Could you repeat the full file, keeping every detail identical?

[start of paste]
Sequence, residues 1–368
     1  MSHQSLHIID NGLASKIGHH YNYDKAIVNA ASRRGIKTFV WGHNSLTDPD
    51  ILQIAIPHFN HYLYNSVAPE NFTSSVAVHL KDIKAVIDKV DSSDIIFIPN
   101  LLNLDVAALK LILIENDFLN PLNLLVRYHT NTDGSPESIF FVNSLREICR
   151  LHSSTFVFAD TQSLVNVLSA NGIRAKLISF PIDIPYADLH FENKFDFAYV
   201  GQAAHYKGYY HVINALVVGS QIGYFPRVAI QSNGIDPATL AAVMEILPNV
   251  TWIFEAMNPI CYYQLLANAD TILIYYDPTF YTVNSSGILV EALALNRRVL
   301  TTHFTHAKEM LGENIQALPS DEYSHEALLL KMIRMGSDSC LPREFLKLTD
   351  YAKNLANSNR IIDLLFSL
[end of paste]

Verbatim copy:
Sequence, residues 1–368
     1  MSHQSLHIID NGLASKIGHH YNYDKAIVNA ASRRGIKTFV WGHNSLTDPD
    51  ILQIAIPHFN HYLYNSVAPE NFTSSVAVHL KDIKAVIDKV DSSDIIFIPN
   101  LLNLDVAALK LILIENDFLN PLNLLVRYHT NTDGSPESIF FVNSLREICR
   151  LHSSTFVFAD TQSLVNVLSA NGIRAKLISF PIDIPYADLH FENKFDFAYV
   201  GQAAHYKGYY HVINALVVGS QIGYFPRVAI QSNGIDPATL AAVMEILPNV
   251  TWIFEAMNPI CYYQLLANAD TILIYYDPTF YTVNSSGILV EALALNRRVL
   301  TTHFTHAKEM LGENIQALPS DEYSHEALLL KMIRMGSDSC LPREFLKLTD
   351  YAKNLANSNR IIDLLFSL